Since 2015, the Belles and Chimes pinball league has lit up the scoreboards at Blairally Vintage Arcade. They’re a gathering of 12 female pinball aficionados, united by a friendly spirit of competition, retro gaming nostalgia and black hoodies with the league name emblazoned in red on the back.
On the second and fourth Tuesdays during their seasons, the Belles meet for tournaments at Blairally, a vintage arcade and bar in the Whittaker neighborhood. Using a randomized group knockout format, the women compete against each other until only one remains, the winner then earns points toward the season’s championship. At the end of the season, the top three women take home prizes paid for by league dues.
Despite the competitive nature of league play, Belles and Chimes organizer Katie Sheehan explained that it’s much more than just a way to compete.
“Really, this just gives us a space to be girls,” Sheehan said. “We’re really not that competitive, we’re here to spend time together and have some fun.”
That feeling of sisterhood has been the main draw for many women getting recruited to the league. Jamie Blair, one of the newer league members, was recruited into the Belles just by hanging out at Blairally.
“When I first moved here, I was so socially uncomfortable, so I just came here and played pinball,” Blair said. “Then, Katie [Sheehan] kept coming up and watching my scores and then said ‘You know, you should come on Tuesdays.’”
The predecessors to what are now known as pinball games first came around in the mid-19th century, but modern electric pinball machines first became popular around the American Midwest in the 1950s. Until the coin-operated video game craze of the 1980s, pinball machines were a staple in arcades, bars and drugstores throughout the United States, with people of all ages sinking millions of dollars into the machines one quarter at a time.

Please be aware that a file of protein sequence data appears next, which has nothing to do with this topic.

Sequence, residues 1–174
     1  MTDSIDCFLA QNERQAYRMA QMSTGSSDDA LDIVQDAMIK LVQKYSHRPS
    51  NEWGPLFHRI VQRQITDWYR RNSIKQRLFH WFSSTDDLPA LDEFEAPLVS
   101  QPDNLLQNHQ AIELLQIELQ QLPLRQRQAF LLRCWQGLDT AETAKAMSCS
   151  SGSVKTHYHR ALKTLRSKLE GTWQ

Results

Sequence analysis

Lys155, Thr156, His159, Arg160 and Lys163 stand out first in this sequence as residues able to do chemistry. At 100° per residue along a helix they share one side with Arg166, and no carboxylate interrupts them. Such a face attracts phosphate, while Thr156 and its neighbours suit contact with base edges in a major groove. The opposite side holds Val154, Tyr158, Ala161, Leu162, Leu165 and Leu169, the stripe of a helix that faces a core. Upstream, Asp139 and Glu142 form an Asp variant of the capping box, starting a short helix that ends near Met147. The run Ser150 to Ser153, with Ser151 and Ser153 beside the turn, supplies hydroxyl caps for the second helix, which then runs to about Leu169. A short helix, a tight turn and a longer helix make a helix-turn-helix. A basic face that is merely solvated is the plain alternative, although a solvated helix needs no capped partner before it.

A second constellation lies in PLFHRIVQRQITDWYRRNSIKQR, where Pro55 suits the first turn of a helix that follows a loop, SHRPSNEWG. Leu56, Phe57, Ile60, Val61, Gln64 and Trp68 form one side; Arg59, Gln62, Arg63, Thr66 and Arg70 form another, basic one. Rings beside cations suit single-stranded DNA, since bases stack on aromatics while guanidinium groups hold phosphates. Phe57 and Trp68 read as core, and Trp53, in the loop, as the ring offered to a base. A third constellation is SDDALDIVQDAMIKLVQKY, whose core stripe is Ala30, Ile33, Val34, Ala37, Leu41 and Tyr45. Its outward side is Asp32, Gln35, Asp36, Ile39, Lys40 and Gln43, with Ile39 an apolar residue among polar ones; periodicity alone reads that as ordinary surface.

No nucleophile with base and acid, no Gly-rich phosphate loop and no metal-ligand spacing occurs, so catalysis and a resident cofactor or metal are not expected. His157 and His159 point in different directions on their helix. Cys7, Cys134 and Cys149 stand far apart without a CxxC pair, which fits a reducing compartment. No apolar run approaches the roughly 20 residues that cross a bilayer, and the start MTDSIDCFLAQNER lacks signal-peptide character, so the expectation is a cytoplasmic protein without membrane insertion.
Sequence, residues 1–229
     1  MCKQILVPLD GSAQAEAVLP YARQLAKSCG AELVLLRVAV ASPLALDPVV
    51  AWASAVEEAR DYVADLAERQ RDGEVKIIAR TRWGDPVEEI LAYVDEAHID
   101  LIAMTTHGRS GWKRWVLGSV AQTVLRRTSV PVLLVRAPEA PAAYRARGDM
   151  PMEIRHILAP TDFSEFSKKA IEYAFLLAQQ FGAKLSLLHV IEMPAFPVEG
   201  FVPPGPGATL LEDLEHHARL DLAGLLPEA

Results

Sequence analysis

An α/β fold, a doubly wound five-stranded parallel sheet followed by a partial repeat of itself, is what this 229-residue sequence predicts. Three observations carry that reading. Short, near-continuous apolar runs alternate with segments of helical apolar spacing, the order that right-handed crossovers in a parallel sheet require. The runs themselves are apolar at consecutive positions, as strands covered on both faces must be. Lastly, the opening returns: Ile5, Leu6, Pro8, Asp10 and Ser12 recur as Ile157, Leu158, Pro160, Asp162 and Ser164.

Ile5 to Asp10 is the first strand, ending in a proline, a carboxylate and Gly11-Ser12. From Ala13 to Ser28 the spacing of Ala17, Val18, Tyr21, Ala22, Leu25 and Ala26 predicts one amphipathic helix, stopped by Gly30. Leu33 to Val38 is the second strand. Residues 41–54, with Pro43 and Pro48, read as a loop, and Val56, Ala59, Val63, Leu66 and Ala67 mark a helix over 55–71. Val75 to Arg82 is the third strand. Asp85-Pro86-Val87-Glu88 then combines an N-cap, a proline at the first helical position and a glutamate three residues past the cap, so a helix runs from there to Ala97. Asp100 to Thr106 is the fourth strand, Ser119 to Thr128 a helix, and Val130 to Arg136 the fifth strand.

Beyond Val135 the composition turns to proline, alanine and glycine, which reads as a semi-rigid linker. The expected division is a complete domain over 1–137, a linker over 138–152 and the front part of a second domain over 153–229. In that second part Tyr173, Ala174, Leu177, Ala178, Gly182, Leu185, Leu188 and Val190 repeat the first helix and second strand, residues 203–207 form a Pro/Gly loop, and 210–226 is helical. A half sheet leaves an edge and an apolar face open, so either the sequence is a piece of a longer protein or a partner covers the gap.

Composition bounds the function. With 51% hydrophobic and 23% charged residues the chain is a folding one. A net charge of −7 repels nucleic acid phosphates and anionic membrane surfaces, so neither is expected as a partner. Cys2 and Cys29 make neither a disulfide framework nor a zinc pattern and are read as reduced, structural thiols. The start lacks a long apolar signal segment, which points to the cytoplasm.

As gaming went digital and moved into the American home, pinball games faded from mainstream consciousness. However, pinball machines (and vintage games in general) have roared back into fashion in the past few years, with arcade-bars like Blairally and Level Up Arcade fostering a new interest in vintage gaming. According to the International Flipper Pinball Association, over 4,800 pinball tournaments were held in 2017, compared to just 487 in 2009. Pinball leagues like Belles and Chimes are an extension of that nostalgia, with league members often bonding over the pinball machines they grew up with.
Conley Phelps, a Lane Community College student who finished third in the most recent Belles and Chimes season, reminisced about her own memories of pinball growing up in the Chicago area.
“I’ve been passionate about pinball since I was tall enough to reach the machine,” Phelps said. “For me, [pinball] has been a whole thing connected to my development and emotional growth, and I just get lost in pinball games.”
Teamwork is a big theme among members of the Belles. Though they don’t offer much help to one another on tournament nights, during practice weeks, league members will trade tips and tricks with one another on achieving the highest scores on different machines.
“During a tournament, I won’t tell anyone how I did anything on the machine,” Sheehan said. “But at the next practice, I’ll tell you everything I know.”
Even with the tips and tricks under their belt, the Belles explained that practice is the most crucial part of achieving unbeatable high scores on pinball machines. Blair and Phelps will stand in front of one machine and play it “over and over and over again” until they learn the machine’s ways. Once they learn a machine, that knowledge sticks.
“Playing a machine is not unlike reading your favorite book, the ride that it takes you on,” Phelps said. “The ins, the outs, the ups and downs, the strategies, you know, they become like a friend.”
A new Belles and Chimes season begins “sometime in March,” according to Sheehan. All are welcome to play and watch alongside the Belles, but official league play is open only to women who pay the $15 league dues.